The bumping and interlacing forms, dramatic strokes of color and Cubist-inspired designs all resemble what the artist might do with brushes or collage, experimenting on a worktable with a standard sheet of paper. But here these actions are writ large, requiring more shoulder work than wrist work. It’s a scale at which watercolor becomes difficult, and in trading these in for acrylics and enamels, Malone has lost some of the textured, earthy quality of his smaller works; but he compensates for these effects with these big and bold brushstrokes— some of which are wiped thin to create a textured quality of their own— that seem to diminish the viewer and evoke a sense of awe. We have been reduced to the size of a toddler, standing before a world that is perpetually larger than life.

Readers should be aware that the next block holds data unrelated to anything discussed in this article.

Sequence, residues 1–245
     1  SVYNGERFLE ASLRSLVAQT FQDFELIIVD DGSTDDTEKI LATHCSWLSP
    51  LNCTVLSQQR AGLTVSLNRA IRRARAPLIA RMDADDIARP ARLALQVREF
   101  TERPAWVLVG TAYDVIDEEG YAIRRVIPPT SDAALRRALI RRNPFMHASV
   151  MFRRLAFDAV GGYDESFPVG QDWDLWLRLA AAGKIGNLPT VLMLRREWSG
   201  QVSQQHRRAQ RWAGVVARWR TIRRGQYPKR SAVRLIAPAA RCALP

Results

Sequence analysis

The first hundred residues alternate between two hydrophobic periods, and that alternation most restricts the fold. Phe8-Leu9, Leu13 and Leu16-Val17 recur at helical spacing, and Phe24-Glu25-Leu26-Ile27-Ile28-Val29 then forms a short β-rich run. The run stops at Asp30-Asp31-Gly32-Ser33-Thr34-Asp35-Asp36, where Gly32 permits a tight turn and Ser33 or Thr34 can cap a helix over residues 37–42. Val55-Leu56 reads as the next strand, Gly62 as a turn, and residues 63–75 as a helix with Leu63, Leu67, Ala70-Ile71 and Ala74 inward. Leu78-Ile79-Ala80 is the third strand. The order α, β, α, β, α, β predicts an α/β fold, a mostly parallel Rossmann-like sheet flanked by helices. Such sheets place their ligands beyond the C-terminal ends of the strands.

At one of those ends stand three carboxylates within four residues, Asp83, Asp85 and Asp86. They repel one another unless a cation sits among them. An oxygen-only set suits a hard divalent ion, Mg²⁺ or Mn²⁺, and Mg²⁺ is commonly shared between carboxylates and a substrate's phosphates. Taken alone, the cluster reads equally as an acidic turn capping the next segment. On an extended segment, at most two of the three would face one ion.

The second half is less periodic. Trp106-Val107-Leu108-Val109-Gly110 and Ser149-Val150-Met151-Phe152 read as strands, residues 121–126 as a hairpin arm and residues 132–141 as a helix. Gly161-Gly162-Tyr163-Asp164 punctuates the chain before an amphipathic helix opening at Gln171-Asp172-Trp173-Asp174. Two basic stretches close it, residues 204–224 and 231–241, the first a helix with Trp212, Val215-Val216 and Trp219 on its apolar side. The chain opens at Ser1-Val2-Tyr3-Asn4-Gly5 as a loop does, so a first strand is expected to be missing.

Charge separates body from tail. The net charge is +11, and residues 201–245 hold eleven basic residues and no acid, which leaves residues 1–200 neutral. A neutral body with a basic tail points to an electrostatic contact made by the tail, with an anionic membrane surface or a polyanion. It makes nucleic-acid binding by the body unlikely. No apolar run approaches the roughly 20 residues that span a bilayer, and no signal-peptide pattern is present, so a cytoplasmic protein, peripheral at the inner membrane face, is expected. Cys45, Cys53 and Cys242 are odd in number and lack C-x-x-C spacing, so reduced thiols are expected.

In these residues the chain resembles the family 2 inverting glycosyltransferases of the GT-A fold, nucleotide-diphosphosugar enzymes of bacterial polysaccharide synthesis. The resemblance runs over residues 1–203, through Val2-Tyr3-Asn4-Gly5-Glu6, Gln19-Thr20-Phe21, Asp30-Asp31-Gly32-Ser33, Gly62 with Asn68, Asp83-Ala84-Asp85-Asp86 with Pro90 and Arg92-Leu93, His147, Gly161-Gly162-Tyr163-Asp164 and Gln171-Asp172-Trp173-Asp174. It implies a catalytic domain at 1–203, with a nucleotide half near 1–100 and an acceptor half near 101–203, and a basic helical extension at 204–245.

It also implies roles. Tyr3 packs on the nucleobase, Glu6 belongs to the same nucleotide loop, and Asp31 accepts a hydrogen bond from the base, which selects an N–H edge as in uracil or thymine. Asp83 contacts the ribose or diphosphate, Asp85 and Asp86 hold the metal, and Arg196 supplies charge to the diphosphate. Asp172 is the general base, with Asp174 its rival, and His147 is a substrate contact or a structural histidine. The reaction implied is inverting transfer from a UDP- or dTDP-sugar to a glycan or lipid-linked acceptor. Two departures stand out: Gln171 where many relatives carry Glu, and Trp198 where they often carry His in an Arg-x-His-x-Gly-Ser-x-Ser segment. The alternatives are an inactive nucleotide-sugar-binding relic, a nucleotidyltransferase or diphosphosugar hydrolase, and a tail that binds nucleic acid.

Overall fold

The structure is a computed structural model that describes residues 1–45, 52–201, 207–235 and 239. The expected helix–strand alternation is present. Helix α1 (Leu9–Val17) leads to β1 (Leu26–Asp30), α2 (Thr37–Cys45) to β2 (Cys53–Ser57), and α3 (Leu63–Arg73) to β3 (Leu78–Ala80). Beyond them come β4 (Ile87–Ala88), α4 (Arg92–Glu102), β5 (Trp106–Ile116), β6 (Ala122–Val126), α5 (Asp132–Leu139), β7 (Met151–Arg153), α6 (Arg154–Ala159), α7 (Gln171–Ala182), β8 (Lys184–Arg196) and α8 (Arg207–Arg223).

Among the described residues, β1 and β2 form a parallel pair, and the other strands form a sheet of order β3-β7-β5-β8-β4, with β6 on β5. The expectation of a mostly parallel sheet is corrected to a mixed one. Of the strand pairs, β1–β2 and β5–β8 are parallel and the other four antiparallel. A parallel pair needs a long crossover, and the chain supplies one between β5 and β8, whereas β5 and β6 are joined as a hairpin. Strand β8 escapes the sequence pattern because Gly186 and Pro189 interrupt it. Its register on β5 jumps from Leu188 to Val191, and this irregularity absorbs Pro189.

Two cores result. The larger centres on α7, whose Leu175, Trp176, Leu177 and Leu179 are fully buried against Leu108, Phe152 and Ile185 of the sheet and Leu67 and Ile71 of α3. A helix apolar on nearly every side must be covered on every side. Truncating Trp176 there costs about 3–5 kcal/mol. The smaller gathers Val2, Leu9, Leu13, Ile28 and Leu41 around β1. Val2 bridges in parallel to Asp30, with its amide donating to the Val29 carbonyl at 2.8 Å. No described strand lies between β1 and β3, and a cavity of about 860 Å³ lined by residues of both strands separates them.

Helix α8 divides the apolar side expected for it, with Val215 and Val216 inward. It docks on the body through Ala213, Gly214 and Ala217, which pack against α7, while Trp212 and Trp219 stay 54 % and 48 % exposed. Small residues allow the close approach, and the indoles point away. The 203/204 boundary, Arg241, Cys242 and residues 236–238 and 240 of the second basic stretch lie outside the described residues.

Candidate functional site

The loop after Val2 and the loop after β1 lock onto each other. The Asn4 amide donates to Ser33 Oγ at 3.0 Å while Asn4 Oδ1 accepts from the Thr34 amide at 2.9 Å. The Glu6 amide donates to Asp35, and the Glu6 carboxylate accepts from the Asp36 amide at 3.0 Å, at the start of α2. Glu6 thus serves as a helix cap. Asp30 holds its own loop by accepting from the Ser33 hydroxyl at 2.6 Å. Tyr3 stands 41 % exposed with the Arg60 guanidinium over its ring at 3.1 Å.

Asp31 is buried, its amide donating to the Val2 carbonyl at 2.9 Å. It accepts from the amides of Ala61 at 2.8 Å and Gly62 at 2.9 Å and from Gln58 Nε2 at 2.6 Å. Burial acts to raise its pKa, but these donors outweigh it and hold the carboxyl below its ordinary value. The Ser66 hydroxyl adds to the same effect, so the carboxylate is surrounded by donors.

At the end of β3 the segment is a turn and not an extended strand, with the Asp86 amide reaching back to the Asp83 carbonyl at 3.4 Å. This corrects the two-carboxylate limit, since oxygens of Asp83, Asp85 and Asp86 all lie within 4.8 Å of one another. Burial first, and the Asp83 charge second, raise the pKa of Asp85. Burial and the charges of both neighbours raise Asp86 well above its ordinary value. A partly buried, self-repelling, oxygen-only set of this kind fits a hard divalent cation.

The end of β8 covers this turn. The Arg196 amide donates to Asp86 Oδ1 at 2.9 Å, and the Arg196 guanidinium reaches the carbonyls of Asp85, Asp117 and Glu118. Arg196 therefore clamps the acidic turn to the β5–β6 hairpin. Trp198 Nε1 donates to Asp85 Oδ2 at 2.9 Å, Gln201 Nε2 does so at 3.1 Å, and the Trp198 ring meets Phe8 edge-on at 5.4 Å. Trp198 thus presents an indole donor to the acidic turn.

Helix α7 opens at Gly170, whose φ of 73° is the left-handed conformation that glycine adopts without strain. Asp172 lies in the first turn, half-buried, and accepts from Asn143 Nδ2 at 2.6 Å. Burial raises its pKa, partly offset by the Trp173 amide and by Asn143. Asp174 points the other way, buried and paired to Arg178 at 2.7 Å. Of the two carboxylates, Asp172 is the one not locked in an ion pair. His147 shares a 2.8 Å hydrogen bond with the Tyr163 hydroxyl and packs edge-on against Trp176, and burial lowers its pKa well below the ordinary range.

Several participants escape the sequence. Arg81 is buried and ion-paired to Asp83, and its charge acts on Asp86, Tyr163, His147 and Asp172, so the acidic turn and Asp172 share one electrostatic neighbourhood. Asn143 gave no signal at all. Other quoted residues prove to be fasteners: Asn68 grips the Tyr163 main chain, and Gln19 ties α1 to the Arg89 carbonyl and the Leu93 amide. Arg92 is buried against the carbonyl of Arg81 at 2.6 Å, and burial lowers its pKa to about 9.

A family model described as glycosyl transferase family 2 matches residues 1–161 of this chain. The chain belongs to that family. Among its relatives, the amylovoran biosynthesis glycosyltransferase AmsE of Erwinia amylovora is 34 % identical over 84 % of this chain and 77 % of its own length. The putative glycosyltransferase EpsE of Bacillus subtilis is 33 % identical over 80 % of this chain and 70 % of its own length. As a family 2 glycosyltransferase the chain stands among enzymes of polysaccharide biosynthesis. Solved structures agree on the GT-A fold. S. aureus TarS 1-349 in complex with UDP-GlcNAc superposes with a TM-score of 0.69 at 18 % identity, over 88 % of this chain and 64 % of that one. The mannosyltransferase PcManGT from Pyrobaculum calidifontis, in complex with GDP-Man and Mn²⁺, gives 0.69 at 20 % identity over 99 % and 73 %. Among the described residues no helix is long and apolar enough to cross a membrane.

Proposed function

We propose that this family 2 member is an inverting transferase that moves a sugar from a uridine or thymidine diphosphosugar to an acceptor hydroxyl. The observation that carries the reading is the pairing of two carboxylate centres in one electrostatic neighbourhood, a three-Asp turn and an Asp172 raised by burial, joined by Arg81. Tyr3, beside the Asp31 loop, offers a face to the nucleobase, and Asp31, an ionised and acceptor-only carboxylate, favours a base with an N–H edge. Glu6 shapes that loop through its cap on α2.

||Exhibition Review: Salt Lake City
On the Border
Paintings from the Myanmar/Thailand Border Focus Attention on Refugee Populations
Since 1962, the minority ethnic peoples of Burma (Myanmar) have been subjects of an ethnic cleansing. Many escape into Thailand and live in camps along the border; some have been given refugee status and live here in Salt Lake City.
When local artist Hadley Rampton traveled to the Thai/Burmese border last year to introduce visual art as therapy to Ban Mai Nai Soi camp inhabitants, she learned of two men who were employing their art to bring greater awareness to the crisis in Burma and the thousands who are impacted.
They managed to meet and the men agreed to come here and put on a show at Art Access in hopes of bringing attention to the Burmese refugees in Utah.
Rosey Hunter, then director of University Neighborhood Partners, sponsors of the annual trip to the camp, helped introduce the three artists and now, as an associate professor in the College of Social Work at the U, helped facilitate my interview with Nyan Soe (artist Maung Maung Tinn could not obtain a visa to travel here).